Objective The US Food and Drug Administration (FDA) proposes to establish standardized and mandatory criteria upon which front-of-pack (FOP) nutrition labelling must be based. The present study aimed to estimate the relative contribution of declared amounts of different nutrients to the perception of the overall healthfulness of foods by the consumer.Design Protein, fibre, vitamin A, vitamin C, calcium and iron were nutrients to encourage. Total fat, saturated fat, cholesterol, total and added sugar, and sodium were the nutrients to limit. Two content claims per nutrient used the FDA-approved language. An online consumer panel (n 320) exposed to multiple messages (n 48) rated the healthfulness of each hypothetical food product. Utility functions were constructed using conjoint analysis, based on multiple logistic regression and maximum likelihood estimation.Results Consumer perception of healthfulness was most strongly driven by the declared presence of protein, fibre, calcium and vitamin C and by the declared total absence of saturated fat and sodium. For this adult panel, total and added sugar had lower utilities and contributed less to the perception of healthfulness. There were major differences between women and men.Conclusions Conjoint analysis can lead to a better understanding of how consumers process information about the full nutrition profile of a product, and is a powerful tool for the testing of nutrient content claims. Such studies can help the FDA develop science-based criteria for nutrient profiling that underlies FOP and shelf labelling. © 2010 The Authors.


The paper introduces the empirical science of 'mind genomics', whose objective is to understand the dimensions of ordinary, everyday experience, identify mind-set segments of people who value different aspects of that everyday experience, and then assign a new person to a mind-set by a statistically appropriate procedure. By studying different experiences using experimental design of ideas, 'mind genomics' constructs an empirical, inductive science of perception and experience, layer by layer. The ultimate objective of 'mind genomics' is a large-scale science of experience created using induction, with the science based upon emergent commonalities across many different types of daily experience. The particular topic investigated in the paper is the experience of healthful snacks, what makes a person 'want' them, and the dollar value of different sensory aspects of the healthful snack. © 2012 Elsevier Inc.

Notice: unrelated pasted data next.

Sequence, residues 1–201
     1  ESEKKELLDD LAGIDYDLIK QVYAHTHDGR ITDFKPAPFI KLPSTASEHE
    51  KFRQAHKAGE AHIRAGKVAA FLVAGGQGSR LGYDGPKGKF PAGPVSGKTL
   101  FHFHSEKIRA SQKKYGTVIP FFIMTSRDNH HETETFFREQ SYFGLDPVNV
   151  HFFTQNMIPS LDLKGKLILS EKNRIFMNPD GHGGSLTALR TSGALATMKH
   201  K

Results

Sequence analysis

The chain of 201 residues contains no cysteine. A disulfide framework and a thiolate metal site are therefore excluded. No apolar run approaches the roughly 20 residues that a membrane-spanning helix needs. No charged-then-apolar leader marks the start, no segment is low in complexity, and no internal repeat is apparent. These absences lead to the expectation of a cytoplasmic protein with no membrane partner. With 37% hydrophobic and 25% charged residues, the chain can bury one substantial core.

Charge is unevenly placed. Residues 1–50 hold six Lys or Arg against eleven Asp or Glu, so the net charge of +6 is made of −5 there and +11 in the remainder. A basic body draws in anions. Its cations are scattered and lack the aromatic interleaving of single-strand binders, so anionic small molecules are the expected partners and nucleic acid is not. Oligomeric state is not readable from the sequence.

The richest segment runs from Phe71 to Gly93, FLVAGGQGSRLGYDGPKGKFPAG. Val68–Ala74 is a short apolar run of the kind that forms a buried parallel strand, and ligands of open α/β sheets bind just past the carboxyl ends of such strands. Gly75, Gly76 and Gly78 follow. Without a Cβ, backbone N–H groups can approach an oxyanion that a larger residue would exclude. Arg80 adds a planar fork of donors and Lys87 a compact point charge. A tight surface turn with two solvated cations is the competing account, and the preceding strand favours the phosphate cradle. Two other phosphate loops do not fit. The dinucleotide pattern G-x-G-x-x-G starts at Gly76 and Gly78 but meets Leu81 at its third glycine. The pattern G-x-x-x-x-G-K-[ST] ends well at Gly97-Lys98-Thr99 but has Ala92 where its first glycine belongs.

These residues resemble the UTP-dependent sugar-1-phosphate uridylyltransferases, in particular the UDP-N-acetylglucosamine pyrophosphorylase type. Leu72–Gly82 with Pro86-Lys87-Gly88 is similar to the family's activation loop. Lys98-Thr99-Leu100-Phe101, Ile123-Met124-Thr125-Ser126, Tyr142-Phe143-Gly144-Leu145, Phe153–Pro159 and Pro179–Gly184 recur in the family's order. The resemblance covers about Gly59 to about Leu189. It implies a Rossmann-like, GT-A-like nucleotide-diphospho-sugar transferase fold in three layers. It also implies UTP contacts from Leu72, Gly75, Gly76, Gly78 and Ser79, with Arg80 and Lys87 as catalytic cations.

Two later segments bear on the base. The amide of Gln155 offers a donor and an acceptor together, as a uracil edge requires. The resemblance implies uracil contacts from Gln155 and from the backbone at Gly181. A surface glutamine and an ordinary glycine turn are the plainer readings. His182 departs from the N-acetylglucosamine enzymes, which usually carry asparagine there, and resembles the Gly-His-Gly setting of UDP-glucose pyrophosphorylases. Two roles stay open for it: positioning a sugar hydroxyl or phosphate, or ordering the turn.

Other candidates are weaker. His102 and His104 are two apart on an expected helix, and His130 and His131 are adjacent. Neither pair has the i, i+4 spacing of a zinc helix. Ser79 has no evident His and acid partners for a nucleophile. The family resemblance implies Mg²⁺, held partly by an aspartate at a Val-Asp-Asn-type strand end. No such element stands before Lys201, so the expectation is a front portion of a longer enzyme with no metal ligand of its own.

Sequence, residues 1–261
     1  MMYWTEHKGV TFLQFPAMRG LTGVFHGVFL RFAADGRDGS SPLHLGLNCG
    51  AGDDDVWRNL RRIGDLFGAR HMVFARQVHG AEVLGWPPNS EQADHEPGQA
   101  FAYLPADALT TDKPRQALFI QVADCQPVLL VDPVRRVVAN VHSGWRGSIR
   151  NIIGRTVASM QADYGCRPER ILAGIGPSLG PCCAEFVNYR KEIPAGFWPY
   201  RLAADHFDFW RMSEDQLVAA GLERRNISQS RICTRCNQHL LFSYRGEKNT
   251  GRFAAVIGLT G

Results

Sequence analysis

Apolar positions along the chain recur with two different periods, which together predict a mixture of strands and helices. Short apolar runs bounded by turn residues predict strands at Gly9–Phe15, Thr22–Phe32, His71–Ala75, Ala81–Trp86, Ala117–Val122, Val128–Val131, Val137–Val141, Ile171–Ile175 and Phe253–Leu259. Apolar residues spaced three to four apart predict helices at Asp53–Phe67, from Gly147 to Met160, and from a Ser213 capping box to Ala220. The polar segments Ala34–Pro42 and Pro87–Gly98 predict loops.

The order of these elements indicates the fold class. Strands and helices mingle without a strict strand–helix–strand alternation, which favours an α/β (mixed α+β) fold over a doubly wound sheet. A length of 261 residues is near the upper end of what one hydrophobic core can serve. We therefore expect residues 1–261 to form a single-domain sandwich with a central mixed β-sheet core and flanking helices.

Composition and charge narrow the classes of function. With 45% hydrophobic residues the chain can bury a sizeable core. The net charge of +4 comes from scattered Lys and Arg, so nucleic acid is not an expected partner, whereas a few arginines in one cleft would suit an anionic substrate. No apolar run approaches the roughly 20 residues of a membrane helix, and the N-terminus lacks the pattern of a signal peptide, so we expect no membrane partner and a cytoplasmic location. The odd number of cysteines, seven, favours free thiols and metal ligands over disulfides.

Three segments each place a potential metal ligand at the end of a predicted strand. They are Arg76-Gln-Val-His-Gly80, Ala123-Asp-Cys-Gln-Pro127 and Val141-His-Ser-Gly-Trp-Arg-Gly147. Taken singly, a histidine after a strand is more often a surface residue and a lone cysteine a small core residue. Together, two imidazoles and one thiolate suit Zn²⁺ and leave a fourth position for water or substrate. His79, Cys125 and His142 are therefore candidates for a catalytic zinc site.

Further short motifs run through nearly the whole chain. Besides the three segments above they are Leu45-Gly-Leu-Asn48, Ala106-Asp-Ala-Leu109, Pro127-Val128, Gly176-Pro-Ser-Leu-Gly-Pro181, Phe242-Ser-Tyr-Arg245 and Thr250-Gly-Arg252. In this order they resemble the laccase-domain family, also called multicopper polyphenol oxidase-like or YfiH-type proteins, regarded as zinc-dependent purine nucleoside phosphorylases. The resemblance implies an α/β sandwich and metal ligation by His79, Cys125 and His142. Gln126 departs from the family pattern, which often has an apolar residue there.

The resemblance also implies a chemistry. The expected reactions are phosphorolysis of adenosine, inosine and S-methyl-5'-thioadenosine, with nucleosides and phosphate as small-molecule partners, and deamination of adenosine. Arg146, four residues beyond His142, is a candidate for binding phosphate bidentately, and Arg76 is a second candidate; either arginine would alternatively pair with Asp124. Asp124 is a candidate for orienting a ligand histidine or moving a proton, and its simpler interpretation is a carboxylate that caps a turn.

Saulo A.A.,University of Hawaii at Manoa | Moskowitz H.R.,Moskowitz Jacobs Inc.
Food Quality and Preference | Year: 2011

Knowing the specific characteristics which trigger a strong sense of safe versus unsafe allows risk communicators to reach consumers effectively with targeted messages. Using experimental design of ideas and conjoint measurement, we assessed consumer interest in and perceived safety of food characteristics that consumers think to be important when they make a purchase decision. The study identified the specific characteristics and the associated phrasing. The data generate a database by which we understand the perceptions of risk. In turn the database shows how these risk perceptions vary by conventional subgroups (age, gender, ethnicity), and by different mind-sets that exist in the population. The results combine insights about acceptance with insights about safety, answering questions that could not have been previously addressed in this efficient, quantitative way. The study is the first in a series designed to create a large-scale database of safety for food, beverage, and eating situation, based on the perceptions of consumers. The study opens up a new area for consumer understanding dealing with the perception of intangible topics including safety, compliance, and 'good-for-you'. © 2011.


Campbell B.L.,Vineland Research and Innovation Center | Lesschaeve I.,Vineland Research and Innovation Center | Bowen A.J.,Vineland Research and Innovation Center | Onufrey S.R.,Onufrey Group LLC | Moskowitz H.,Moskowitz Jacobs Inc.
HortScience | Year: 2010

In recent years, the new trend for local and organic produce has transformed the landscape of fruit and vegetable purchasing. To this effect, "local" and "organic" logos have become the norm in many retail outlets. To examine the effects of different "local" and "organic" logos on Canadian consumers, a consumer survey was used to identify preferences for various external attributes and to identify consumer segments within the buyers of both local and organic purchasers. Our results indicate that the "Foodland Ontario" logo has the largest effect on likelihood of purchase and also increases willingness to pay within the overall sample. Furthermore, there are gender, region, and income differences associated with the likelihood of purchase and willingness to pay given various logos. Through this study, three consumer segments were identified, "Confident in Produce Produced in Ontario," "In Organic We Trust," and "Socially Responsible Locavores," each of which has their own preferences for external characteristics.

Loading Moskowitz Jacobs Inc. collaborators
Loading Moskowitz Jacobs Inc. collaborators